On Tuesday, 8,000 of the country's cotton farmers began an anti-tax boycott that could further weaken a state which can hardly afford to pay its soldiers.

"Compaore has reason to be scared," says analyst James Clinton Francis at London's Eurasia Group.  But Francis says the president also has time to reform.  

He notes the country's malcontents have yet to coalesce around an opposition figure or platform.  Its students and soldiers share little ideological ground, and in many respects, Francis says, both are demonstrating for better government treatment, not for a different government.

A coup d'etat he says, is not yet a cause for concern. "But I would remain vigilant. One of the key sign posts is if student groups, trade groups, and military groups link up and protest against Compaore, I think we'll see protests reach a new level in the country, and also if they rally around an individual to sort of challenge Comapore's rule," said Francis.

Francis says it is difficult to imagine who could unite this country's fragmentary opposition sects. He adds that like many African nations which have been ruled for decades by a single leader or government, Burkina Faso has allowed little space for an opposition political party to develop.

But the same, Zoumenou says, could have been said about Egypt or Tunisia, where mass uprisings forced out dictators who had clung to power for decades.

He says Burkinabé are just waiting for a moment - a trigger, a rallying cause - to go into the streets. "Having witnessed the changes taking place in the region, I think no leader in West Africa is immune from popular protests and the challenge to their rule," said Zoumenou.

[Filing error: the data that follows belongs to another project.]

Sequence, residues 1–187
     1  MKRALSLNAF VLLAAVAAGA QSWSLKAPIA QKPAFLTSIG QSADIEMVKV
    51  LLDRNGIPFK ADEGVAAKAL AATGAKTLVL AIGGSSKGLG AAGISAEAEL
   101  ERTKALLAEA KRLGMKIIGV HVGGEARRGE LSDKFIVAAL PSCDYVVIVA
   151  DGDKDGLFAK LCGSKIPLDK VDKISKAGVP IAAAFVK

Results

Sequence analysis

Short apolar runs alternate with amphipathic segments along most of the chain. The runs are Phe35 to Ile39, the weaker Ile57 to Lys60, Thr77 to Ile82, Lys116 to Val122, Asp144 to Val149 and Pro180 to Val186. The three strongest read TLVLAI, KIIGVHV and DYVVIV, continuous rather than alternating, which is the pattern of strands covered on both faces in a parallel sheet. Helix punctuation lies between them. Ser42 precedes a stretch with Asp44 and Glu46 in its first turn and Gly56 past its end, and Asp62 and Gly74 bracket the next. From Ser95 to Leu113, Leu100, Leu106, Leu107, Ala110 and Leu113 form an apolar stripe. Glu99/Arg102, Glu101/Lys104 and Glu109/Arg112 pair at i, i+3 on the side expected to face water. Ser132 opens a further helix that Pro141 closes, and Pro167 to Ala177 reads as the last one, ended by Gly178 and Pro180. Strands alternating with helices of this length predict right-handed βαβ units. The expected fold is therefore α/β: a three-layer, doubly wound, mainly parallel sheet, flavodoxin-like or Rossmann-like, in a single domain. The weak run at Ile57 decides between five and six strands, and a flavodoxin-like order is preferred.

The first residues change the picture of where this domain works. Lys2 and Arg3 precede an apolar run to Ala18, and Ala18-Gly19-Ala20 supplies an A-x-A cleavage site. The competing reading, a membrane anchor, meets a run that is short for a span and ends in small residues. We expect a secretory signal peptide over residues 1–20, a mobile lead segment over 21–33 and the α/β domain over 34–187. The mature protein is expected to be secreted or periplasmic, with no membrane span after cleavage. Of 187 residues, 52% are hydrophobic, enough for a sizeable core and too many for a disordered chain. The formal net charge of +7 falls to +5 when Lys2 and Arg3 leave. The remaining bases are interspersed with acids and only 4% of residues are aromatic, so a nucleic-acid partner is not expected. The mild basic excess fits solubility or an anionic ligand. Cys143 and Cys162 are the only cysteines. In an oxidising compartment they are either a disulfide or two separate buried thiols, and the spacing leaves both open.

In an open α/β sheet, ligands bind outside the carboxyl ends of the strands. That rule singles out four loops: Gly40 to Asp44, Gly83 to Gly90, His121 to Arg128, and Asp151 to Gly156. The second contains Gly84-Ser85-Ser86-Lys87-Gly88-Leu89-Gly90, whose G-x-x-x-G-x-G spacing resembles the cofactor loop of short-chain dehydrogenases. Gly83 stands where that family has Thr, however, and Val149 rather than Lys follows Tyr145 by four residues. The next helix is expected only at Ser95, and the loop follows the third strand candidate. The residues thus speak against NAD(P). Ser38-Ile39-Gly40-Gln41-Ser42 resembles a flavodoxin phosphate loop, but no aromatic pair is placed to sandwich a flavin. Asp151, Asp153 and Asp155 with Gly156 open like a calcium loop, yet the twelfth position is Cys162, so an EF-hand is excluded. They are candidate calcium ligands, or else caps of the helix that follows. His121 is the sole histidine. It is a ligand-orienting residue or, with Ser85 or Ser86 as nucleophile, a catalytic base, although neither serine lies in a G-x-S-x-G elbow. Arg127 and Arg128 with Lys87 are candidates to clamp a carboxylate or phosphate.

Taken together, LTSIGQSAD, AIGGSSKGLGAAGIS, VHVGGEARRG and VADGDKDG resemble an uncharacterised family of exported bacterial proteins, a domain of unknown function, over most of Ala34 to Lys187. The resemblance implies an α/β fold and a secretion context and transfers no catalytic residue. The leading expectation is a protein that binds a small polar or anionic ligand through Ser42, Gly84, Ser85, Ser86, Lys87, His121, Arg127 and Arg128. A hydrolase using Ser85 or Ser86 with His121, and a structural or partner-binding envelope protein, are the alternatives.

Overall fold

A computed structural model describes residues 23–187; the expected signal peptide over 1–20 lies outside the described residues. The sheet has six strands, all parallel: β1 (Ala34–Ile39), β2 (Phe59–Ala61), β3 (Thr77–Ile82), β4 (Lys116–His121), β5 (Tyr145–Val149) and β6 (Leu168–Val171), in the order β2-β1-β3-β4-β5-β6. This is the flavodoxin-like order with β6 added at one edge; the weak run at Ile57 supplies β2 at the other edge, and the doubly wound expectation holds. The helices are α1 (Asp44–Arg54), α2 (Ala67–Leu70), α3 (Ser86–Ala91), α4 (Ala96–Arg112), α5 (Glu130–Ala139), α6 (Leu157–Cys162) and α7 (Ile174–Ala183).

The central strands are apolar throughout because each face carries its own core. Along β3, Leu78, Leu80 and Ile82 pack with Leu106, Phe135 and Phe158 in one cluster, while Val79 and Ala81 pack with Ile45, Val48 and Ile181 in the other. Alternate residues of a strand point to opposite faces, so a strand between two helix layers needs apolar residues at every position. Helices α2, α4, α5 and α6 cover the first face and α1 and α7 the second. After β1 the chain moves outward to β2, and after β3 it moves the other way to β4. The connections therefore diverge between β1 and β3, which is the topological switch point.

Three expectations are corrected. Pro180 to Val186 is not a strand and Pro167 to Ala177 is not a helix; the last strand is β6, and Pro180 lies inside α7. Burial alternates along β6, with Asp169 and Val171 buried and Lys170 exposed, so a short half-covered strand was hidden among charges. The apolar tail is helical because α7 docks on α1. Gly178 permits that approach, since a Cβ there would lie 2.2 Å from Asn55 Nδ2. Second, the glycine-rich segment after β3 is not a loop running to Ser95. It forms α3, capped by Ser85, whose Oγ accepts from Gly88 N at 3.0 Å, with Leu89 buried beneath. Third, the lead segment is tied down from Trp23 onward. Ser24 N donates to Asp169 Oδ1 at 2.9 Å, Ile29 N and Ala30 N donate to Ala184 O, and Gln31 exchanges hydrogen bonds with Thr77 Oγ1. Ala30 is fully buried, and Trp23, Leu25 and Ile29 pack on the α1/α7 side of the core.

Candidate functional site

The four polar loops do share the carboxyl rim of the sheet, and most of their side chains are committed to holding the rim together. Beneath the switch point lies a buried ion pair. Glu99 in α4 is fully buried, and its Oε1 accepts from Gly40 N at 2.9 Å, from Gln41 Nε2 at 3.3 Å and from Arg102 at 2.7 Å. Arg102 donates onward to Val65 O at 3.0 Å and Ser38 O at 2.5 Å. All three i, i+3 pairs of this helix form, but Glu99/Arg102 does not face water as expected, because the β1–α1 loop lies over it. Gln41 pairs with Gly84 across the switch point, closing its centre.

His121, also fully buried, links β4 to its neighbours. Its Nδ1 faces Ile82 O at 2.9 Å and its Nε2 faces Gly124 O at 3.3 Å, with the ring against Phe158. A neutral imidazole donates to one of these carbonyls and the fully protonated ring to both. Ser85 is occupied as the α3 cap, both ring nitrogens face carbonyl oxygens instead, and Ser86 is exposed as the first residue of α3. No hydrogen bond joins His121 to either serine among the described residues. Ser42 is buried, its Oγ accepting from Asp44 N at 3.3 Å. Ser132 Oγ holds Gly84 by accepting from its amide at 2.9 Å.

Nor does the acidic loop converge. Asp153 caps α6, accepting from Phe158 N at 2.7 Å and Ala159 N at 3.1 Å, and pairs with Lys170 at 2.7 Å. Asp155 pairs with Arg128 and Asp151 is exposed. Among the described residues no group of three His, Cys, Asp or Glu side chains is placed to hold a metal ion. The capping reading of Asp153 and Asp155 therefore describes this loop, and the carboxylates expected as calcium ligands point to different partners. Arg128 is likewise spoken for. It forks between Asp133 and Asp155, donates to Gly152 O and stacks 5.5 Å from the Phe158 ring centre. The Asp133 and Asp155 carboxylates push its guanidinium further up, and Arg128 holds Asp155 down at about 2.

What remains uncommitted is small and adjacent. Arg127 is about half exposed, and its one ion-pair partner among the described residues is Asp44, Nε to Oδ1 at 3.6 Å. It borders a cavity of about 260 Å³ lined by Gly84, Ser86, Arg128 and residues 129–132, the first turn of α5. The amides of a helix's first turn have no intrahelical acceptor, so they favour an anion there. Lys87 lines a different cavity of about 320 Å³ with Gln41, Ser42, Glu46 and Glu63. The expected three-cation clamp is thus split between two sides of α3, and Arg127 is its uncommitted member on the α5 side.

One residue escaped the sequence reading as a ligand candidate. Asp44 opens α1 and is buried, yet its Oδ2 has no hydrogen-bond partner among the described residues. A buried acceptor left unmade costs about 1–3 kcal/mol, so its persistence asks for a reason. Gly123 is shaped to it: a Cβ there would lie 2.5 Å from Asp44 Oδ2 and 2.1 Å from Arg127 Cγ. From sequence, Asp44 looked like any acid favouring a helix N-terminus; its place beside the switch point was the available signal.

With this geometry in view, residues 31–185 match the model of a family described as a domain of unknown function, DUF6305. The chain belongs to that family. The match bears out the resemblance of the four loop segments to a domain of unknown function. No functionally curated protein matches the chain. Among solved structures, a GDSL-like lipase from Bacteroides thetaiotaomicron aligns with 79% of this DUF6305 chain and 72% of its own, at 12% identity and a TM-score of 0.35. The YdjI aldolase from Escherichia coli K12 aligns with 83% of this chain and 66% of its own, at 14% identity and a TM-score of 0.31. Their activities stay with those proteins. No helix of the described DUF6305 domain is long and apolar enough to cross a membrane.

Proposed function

At 60 years old, Compaore finds himself isolated in his region, Francis says. Military leaders who came to power, as he did, have largely faded from West Africa's scene and long unstable countries like Ivory Coast, Guinea, or Nigeria have held their freest, fairest elections in decades.

Burkina's last election, in November, when Compaore won a fourth term with 80 percent of the vote, suffered from extremely low turnout.

Francis says that factor - Burkina Faso's apathy - may be Compaore's last strength as he governs through what could very well be his final years in office.

"There's no opposition figure or person that really can unite the people against the sitting head of state. So until that happens Compaore is sort of sitting safe, in my opinion, because there's no one to directly challenge him," he said.